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Thread: Zen Mind, Beginners Mind

  1. #1

    Zen Mind, Beginners Mind

    Hi,

    Iīve just begun reading Zen Mind, Beginners Mind and Shunryu Suzuki is describing the practice of zazen and he seems to emphasize that one should always follow the breath. I donīt understand, I thought he was in to shikantaza, just sitting with no object, as a Soto priest?

    Or maybe Iīm wrong about there not being any points of focus in this practice, as we are using the open awareness as an "objectless object" in our way of practice. So too there can be other objects to use in this practice?

    Janne

  2. #2

    Re: Zen MInd, Beginners Mind

    Those who are in his lineage will have a lot more to say, but I was surprised by that too when I first encountered it. He seems to "focus on the breath" :-) in a later book of his talks too. Maybe that was for the general public, and he was was more toward shikantaza in private. On the other hand personally I like noticing breath. Lately I've come back to it from a stance of shikantaza. That is, noticing breath as something going on in the vast space of shikantaza.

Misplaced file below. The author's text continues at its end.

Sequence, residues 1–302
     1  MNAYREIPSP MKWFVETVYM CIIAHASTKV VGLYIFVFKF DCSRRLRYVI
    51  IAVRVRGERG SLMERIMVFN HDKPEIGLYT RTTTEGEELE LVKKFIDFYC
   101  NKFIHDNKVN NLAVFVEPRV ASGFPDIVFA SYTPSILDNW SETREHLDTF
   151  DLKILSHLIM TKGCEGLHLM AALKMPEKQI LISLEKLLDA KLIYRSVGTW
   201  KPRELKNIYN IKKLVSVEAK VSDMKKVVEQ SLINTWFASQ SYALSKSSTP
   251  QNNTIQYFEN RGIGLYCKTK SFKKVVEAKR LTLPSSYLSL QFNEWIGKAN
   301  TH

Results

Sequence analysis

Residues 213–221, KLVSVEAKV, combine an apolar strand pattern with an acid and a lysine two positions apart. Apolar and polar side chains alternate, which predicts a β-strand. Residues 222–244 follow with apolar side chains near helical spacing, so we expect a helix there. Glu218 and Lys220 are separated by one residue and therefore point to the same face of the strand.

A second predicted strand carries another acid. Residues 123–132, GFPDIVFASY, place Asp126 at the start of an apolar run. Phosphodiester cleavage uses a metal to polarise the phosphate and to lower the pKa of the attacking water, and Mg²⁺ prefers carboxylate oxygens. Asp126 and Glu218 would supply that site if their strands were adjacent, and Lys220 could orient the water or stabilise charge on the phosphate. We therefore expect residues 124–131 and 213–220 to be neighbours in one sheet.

3. #3

    Re: Zen MInd, Beginners Mind

    Quote Originally Posted by Janne H
    Hi,

    Iīve just begun reading Zen Mind, Beginners Mind and Shunryu Suzuki is describing the practice of zazen and he seems to emphasize that one should always follow the breath. I donīt understand, I thought he was in to shikantaza, just sitting with no object, as a Soto priest?

    Or maybe Iīm wrong about there not being any points of focus in this practice, as we are using the open awareness as an "objectless object" in our way of practice. So too there can be other objects to use in this practice?

    Janne
    Hi Janne,

    There are many small variations in Shikantaza, teacher to teacher. One has to place and focus (and simultaneously not place/focus) the mind somewhere!

    So, for example, Uchiyama Roshi was a "bring your attention back to the posture" guy. Nishijima Roshi is a "focus on keeping the spine straight" fellow, and there are others who emphasize focusing on the breath or the Hara (also called the "Tanden", the traditional "center of gravity" of the body, and a center of Qi energy in traditional Chinese medicine) ...

    http://en.wikipedia.org/wiki/Dantian

    Some recommend following the breath for a lifetime, others for just a time.

    All are forms of Shikantaza ... so long as the objectless nature of sitting is maintained even if focused on an object.